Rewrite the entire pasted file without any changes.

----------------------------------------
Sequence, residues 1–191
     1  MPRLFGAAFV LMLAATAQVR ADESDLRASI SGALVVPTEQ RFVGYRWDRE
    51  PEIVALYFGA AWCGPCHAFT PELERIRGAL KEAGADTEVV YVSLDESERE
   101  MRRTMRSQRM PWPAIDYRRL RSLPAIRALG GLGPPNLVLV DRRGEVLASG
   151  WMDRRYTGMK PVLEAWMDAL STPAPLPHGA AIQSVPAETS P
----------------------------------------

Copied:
Sequence, residues 1–191
     1  MPRLFGAAFV LMLAATAQVR ADESDLRASI SGALVVPTEQ RFVGYRWDRE
    51  PEIVALYFGA AWCGPCHAFT PELERIRGAL KEAGADTEVV YVSLDESERE
   101  MRRTMRSQRM PWPAIDYRRL RSLPAIRALG GLGPPNLVLV DRRGEVLASG
   151  WMDRRYTGMK PVLEAWMDAL STPAPLPHGA AIQSVPAETS P